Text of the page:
cinema  full journal 
on the (un)importance of technology
As the demo clips previously posted further down this page reveal, I was originally trained to shoot on film. But most anything I do these days is on Digital Video. What technical enhancements do I use to disguise or compensate for this? (There are a lot out there that claim to do just that.) Is unadorned DV really worthy of capturing quality work?

I've heard independent filmmakers obsess at length about video vs. film, a debate that typically metastasises to encompass frame rates, progressive vs. interlaced, anamorphic lenses vs. HD modes, real steadicams vs. stabilisers vs. handheld. And then when the same filmmaker is on the set, and the actors, relatively neglected in the exercise of judgement, don't deliver the best they possibly could, the director gives vague instructions; does 12 takes, either all basically identical or each increasingly stiff with frustration; knows something is missing; becomes ever more aware of all the technical people waiting around on the set; and finally, at a loss for how to correct for anything but a 3:2 pulldown, convinces himself he's got enough, and moves on.

But he doesn't have enough. He doesn't have anything, and he will discover it as his heart sinks take-by-take in the editing room and his original vision evapourates, leaving a pixel-perfect string-puppet shadow version in its ruin.
The filmmaker in that editing room has just discovered the real limits of DV technology. He's fallen into the eyeball gap.

The eyeball gap is what you get when you subtract the amount of time the filmmaker has spent looking at equipment—including equipment books, magazines, websites, and forums—from the amount of time the filmmaker has spent looking at the actors. Normally the result is a large negative number. And that's the problem. Equipment can be a dead-end trap. I've fallen into it. A lot of people have fallen into it. Much progress can be made toward avoiding it by setting your priorities according to three simple rules:

  1. No increase in pixel resolution can reveal to an audience a portrait of reality that isn't present in the story.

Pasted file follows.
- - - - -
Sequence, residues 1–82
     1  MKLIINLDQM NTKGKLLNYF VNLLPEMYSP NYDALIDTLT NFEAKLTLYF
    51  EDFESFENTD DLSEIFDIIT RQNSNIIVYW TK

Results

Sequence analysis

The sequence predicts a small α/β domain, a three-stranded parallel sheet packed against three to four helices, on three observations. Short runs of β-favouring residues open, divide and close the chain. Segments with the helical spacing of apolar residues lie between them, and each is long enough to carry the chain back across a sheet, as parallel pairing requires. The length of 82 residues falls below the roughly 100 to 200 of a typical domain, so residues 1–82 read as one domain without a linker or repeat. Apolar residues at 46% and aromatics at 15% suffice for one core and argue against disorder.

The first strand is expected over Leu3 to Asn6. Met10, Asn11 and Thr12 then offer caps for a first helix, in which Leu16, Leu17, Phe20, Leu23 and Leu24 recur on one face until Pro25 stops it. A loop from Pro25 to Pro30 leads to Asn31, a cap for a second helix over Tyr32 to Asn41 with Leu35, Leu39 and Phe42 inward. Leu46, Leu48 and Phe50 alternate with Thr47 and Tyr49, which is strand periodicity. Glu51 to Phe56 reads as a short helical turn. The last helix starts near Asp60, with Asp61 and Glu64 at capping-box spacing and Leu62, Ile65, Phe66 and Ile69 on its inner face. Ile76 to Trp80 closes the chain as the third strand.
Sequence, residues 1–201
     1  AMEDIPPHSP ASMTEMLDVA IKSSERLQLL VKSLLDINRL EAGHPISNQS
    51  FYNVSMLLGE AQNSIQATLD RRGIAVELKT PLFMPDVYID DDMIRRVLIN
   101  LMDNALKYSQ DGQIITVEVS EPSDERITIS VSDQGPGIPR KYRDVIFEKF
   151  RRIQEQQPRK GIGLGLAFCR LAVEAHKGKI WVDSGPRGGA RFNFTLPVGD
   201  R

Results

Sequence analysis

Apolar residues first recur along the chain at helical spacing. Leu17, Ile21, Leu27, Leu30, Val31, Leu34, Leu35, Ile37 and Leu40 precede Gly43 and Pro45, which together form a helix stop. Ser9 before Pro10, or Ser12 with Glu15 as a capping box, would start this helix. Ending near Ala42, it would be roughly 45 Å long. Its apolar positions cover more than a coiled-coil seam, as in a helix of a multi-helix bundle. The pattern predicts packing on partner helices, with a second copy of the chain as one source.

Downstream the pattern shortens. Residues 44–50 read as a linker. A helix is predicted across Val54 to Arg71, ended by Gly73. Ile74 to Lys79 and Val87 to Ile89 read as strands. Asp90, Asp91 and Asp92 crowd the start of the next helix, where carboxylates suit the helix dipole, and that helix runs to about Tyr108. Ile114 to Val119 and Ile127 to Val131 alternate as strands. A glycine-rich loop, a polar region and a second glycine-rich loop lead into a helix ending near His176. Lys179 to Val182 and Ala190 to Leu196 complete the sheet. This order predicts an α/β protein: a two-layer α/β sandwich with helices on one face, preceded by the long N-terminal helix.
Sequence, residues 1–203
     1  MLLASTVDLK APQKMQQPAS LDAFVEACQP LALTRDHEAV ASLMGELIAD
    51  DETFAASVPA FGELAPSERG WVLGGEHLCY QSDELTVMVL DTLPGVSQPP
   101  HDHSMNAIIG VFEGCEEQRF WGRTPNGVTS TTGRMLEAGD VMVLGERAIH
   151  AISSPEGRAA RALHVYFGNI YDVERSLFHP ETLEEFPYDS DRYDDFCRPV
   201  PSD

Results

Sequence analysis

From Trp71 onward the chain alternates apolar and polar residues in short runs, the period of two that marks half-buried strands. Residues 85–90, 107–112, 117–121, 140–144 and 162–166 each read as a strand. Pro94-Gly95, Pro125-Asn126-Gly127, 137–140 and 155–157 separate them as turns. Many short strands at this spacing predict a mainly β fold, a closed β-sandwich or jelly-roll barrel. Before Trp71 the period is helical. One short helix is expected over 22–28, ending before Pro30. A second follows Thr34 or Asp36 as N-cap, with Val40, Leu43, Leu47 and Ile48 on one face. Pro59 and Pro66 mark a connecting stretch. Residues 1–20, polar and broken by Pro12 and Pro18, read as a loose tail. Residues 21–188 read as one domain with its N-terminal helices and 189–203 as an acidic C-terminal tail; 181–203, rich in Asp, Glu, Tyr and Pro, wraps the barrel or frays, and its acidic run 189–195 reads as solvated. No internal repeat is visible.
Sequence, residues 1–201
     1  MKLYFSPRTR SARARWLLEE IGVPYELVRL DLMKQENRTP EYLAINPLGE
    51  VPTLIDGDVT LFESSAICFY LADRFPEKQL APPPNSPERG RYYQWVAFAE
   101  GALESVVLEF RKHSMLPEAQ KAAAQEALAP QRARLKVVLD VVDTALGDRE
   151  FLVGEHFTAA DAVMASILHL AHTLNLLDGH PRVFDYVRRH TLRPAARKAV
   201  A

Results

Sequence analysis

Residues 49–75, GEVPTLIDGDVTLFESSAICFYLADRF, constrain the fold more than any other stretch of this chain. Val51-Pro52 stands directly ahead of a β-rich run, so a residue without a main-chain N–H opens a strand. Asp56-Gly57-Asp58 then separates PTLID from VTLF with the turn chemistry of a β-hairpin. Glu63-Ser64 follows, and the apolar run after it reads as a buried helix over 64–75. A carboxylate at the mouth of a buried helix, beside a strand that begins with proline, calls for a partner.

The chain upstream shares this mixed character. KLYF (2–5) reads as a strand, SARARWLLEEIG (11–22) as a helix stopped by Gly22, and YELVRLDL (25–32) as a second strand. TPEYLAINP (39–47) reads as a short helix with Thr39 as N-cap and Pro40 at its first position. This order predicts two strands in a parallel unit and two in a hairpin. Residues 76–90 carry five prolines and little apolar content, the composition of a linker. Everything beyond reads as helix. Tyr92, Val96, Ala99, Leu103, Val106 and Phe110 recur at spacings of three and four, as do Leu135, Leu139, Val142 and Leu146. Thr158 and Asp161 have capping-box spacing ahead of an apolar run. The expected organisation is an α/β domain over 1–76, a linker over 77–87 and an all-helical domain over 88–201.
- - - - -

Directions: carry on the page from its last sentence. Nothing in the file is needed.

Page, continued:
2. No standard of professional lighting can force an audience to feel fear, or love, or joy, that isn't on the actors' faces.

  3. No addition of 'filmlook' attributes can elicit a level of artistic respect that isn't already demanded by the plain video final cut.

The more polished your production, the emptier and more soulless your film will feel if the fundamentals of story, character, and sequence are weak; therefore, not only is an obsession with technical achievement not much of a positive for an independent movie—it can be a real negative.

All you really need is whatever it takes to consistently achieve a point of clarity between the performance and the viewer. Clear, consistent picture. Clear, consistent sound. When home video technology reached that point, with Hi-8 and then DV, it was ready. Everything else is purely optional, and whatever visual beauty you can improvise on the set is a plus, but not at the expense of your focus on performance, and performance, and performance. It's the rarest quality out there on tape, because it's the one thing you can't buy off a shelf and apply mechanically or electronically. And if it's not what you're thinking about most of the time, don't be too surprised when you don't get it.

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